About the Exhibition
Through her installation Whitman Raised, Amy Hauft (USA) pays tribute to one of Brooklyn’s most historic residents, Walt Whitman. Cadman Plaza Park was selected as the site because of the historical significance of the neighborhood. In 1856, Whitman published his first edition of Leaves of Grass at the Andrew and James Rome Print Shop, located at what was once 98 Cranberry Street, near the park.
On fifteen signs, mounted on every other tree along the row of sycamores that lines Cadman Plaza West, Hauft has reprinted excerpts from the poem Crossing Brooklyn Ferry, Whitman’s famous ode to Brooklyn. Hauft has employed a sign system that emulates the historic neighborhood signs used by the New York Landmarks Commission. Instead of informing us about the architecture and past events, Whitman Raised compels us to reflect upon the former presence of an individual. As visitors stroll through the park, they will encounter the signs and slowly piece together the lines of the poem. The final sign contains a map of Cadman Plaza Park and Brooklyn Heights, marking the site where Whitman first published Leaves of Grass.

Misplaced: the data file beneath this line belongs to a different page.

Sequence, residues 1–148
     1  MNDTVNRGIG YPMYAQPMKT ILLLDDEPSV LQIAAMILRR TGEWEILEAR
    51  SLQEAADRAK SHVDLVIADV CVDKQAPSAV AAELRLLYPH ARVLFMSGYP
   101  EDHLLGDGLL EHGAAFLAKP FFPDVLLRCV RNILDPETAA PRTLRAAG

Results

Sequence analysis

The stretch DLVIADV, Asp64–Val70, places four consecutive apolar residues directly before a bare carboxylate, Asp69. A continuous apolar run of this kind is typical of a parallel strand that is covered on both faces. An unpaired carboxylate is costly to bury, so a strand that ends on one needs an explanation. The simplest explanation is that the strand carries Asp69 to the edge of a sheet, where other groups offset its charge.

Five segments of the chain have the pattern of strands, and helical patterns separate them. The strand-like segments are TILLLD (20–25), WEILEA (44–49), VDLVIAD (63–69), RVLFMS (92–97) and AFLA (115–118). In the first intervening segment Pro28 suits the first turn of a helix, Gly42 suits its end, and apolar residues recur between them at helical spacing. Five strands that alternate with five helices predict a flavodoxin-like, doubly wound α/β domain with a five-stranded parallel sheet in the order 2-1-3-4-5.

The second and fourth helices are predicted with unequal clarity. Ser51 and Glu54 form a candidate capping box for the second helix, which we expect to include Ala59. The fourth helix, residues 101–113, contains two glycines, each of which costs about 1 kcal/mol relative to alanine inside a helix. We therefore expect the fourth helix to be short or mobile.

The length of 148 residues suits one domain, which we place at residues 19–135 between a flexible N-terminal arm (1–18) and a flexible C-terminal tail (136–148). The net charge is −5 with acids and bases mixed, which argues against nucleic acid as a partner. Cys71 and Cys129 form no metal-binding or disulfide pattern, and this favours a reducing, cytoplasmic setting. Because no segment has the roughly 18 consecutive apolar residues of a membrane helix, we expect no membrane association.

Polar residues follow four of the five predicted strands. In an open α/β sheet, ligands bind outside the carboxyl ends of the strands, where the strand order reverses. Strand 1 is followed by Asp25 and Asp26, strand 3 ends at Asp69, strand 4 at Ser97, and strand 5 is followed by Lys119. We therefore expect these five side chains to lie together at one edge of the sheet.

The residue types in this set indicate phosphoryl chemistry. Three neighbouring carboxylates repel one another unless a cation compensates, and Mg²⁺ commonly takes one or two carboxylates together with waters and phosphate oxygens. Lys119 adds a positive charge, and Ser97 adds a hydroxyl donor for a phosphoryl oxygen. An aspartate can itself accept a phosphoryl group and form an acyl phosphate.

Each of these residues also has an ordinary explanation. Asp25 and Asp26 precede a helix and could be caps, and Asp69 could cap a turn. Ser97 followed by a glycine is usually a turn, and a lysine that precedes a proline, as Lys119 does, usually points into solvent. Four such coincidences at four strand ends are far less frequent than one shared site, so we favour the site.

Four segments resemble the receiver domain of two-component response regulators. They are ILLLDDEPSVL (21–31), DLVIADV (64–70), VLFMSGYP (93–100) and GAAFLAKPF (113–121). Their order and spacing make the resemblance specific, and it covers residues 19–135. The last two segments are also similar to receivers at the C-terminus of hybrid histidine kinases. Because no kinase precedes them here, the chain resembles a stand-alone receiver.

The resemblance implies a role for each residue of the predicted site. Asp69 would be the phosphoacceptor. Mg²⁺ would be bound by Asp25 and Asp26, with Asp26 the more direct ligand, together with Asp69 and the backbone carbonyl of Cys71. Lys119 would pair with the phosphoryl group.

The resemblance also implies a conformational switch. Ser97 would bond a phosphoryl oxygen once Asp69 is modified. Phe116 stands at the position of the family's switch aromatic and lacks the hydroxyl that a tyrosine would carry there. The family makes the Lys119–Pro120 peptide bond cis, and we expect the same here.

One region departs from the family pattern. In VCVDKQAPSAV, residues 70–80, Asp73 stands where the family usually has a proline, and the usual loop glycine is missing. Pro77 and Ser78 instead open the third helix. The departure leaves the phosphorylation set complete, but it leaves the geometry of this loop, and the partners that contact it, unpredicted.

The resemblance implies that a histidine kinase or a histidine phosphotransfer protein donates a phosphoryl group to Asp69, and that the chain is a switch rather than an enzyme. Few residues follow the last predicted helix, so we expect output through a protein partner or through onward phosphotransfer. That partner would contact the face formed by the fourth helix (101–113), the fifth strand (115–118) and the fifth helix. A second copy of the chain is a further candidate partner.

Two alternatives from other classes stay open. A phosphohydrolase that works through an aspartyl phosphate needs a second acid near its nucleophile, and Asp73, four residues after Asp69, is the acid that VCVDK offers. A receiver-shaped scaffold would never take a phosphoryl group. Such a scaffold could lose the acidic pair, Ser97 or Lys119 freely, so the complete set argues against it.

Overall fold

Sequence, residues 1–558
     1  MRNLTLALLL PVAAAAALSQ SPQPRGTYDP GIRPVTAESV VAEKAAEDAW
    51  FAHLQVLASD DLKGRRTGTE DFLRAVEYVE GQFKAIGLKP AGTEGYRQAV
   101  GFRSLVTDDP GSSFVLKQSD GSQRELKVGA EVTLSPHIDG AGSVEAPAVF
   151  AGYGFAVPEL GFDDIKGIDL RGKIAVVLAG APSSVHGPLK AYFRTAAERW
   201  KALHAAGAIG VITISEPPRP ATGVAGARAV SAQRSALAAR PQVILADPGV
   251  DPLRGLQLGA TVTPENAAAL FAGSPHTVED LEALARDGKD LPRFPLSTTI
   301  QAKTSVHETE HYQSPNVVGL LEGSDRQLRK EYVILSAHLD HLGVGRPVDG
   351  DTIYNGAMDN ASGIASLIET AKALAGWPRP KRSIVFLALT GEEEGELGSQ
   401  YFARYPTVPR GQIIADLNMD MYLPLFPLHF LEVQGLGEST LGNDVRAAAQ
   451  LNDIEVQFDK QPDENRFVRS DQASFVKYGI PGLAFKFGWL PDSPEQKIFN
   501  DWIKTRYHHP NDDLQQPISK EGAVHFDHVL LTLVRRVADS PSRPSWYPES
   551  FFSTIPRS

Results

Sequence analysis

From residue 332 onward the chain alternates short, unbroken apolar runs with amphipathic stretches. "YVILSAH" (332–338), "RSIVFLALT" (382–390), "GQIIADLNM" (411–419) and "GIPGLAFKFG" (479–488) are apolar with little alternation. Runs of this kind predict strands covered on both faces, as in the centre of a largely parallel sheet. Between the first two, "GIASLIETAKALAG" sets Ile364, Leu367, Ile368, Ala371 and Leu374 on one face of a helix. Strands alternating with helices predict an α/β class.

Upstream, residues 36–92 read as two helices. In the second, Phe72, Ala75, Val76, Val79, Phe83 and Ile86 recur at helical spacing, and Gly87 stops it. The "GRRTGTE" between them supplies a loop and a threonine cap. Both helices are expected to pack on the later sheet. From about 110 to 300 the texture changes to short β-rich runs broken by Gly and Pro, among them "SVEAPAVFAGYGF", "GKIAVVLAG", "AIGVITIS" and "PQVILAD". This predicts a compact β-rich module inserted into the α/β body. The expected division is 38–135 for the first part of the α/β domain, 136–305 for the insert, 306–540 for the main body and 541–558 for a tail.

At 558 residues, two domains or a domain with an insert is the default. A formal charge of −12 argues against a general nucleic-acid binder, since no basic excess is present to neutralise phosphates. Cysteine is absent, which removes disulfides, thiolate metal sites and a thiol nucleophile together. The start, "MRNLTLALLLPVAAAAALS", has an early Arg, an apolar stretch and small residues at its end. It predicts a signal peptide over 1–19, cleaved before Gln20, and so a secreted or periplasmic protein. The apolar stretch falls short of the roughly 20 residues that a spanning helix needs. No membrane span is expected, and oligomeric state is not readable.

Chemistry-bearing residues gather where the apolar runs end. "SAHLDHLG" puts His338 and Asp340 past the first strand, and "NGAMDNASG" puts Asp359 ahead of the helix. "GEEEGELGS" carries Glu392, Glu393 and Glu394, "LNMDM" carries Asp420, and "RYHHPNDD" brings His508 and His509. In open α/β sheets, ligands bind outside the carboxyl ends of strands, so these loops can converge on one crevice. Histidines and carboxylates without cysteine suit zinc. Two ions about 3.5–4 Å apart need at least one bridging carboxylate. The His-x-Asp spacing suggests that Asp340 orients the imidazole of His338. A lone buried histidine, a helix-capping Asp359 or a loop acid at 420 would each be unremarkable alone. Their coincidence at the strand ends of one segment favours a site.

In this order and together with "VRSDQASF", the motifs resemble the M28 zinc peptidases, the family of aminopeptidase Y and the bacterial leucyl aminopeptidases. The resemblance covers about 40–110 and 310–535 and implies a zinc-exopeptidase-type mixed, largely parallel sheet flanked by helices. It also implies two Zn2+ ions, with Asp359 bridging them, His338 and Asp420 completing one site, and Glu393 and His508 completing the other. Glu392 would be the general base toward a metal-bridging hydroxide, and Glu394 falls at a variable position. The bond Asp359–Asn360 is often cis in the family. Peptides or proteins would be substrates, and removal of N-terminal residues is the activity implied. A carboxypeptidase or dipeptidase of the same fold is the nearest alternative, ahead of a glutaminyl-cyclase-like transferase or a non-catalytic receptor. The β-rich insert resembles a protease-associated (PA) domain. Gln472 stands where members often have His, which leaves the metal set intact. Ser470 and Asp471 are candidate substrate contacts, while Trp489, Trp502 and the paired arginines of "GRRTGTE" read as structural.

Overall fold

James Clark, Executive Director of the Public Art Fund, says, “Hauft’s piece suggests to us how the poem may have come into being. Perhaps as Whitman walked the same streets and viewed the same river and sky, the poem was formed line by line, phrase by phrase, in response to what he saw and experienced in Brooklyn.” Hauft states that “there is something intimate about breathing the same air in the same place as such a person. Whitman stands for the gorgeous sensate American. Whitman was a Brooklynite. There is something enormously promising about that fact.”
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